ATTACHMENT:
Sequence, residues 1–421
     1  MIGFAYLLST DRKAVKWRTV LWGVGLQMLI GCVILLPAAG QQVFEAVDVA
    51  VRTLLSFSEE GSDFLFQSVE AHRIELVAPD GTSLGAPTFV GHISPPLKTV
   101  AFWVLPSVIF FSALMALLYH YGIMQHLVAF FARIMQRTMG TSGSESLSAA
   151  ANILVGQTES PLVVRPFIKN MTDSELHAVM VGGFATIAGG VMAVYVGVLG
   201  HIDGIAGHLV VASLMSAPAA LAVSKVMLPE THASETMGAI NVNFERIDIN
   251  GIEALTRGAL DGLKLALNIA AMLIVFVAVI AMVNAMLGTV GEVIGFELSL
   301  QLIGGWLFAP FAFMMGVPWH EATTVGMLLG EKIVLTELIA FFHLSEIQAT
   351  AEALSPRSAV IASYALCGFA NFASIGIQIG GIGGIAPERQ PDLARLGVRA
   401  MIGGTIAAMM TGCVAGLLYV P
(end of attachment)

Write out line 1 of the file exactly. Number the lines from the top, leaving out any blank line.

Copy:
Sequence, residues 1–421